The 250th anniversary next year will attract national and international attention because of the significant number. It is this region’s opportunity and responsibility to ensure our history, that will be unknown to many, is told well. Perhaps then the day will even by marked nationally in future.

How did the rest of New Zealand mark the 249th anniversary on Monday of the nation-forming and internationally significant first meetings between Maori and Europeans here in October 1769?

In blissful ignorance, it seems.

That is, apart from those fortunate to have been listening to Nine to Noon on Radio NZ at 9.36am, when an enlightening discussion began with historians Dame Anne Salmond and Dr Wayne Ngata — our own interview with whom was The Gisborne Herald’s lead story on Monday.

They talked about reframing the conversation on first contacts to include narratives from different cultures, especially with regard to enriching this history with the actual stories of discovery. Since the Cook- and Euro-centric bicentenary of 50 years ago, so much had been learned of the planned Pacific voyaging that began about the time Egyptians were building their pyramids some 4500 years ago.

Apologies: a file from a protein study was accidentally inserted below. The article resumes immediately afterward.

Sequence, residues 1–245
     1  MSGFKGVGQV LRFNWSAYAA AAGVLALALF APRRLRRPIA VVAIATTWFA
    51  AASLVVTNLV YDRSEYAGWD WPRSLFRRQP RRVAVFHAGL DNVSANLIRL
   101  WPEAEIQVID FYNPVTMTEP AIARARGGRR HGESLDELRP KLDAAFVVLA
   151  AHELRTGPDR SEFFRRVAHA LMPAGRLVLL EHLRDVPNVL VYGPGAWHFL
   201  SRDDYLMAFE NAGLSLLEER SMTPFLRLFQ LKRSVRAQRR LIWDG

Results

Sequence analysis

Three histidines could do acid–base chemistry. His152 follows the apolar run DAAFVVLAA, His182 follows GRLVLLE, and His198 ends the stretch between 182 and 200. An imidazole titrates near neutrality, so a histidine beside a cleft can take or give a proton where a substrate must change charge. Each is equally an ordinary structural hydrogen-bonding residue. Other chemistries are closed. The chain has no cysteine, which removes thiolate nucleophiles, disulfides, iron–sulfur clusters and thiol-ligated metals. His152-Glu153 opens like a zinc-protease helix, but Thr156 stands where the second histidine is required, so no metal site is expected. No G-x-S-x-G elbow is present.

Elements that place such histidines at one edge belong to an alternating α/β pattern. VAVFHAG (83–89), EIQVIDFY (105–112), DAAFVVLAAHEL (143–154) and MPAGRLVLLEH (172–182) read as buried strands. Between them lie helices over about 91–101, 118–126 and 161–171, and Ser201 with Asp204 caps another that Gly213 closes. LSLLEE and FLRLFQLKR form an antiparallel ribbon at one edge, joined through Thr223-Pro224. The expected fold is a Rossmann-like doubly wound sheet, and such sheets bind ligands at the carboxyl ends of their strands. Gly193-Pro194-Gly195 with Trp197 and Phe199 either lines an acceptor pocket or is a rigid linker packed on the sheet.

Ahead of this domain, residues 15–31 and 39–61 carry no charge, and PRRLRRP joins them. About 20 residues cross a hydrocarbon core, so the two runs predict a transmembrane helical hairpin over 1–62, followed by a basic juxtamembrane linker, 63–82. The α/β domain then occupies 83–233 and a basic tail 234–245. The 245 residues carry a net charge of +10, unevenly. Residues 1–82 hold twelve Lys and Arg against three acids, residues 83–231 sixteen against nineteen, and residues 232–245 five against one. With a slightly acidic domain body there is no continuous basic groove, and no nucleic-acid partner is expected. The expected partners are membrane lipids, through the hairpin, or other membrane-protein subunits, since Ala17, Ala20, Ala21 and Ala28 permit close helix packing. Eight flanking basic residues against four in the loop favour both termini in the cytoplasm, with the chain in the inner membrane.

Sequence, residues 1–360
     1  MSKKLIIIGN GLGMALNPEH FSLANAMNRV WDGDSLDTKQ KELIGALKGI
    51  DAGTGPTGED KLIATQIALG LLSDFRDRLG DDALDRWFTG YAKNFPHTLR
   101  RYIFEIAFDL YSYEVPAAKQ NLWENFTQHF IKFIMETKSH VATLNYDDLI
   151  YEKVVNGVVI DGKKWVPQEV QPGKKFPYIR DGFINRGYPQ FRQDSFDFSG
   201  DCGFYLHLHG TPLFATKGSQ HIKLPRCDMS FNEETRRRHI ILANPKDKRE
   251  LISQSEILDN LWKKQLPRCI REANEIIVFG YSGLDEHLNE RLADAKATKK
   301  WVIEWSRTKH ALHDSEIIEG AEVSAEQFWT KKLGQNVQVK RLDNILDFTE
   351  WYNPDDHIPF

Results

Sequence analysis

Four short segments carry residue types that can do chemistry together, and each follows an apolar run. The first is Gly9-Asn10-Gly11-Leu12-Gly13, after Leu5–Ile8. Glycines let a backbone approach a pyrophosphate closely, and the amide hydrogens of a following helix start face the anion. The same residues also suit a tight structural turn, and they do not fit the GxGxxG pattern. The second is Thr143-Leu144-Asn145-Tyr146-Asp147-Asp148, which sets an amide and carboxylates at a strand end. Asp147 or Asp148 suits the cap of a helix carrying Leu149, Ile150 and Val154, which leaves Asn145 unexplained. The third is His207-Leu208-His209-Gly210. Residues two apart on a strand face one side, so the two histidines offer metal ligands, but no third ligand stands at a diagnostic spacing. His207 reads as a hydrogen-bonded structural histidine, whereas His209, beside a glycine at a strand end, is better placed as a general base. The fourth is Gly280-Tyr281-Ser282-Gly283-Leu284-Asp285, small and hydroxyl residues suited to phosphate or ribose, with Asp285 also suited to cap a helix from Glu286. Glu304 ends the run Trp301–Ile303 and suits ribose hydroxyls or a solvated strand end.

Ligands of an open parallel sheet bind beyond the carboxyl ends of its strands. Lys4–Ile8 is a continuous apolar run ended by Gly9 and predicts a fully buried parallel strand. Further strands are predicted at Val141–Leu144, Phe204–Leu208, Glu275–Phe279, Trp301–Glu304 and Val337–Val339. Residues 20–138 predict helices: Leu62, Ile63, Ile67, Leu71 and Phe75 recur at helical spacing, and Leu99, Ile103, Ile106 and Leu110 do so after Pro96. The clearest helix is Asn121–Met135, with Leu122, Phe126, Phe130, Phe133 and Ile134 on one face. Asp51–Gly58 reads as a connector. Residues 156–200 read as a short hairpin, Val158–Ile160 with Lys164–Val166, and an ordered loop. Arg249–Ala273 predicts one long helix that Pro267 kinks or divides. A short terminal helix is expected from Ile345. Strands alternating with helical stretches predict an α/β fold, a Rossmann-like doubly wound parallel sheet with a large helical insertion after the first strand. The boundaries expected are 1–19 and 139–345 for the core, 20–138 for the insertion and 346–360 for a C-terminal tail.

Elsewhere in national media? Nothing that your editor has heard of or could find online. And Radio NZ didn’t impress with its “today in history” segment on Monday that ran through a series of lesser historical events and famous person trivia from around the world — with no mention of the first European landings in Aotearoa and those first meetings that started so badly.

Is this why the rest of New Zealand has been ignoring the anniversary? It is certainly a much more complex history when told from the perspective of tangata whenua as well; a commemoration of first meetings rather than the celebration of Cook’s arrival that the day engendered in the past.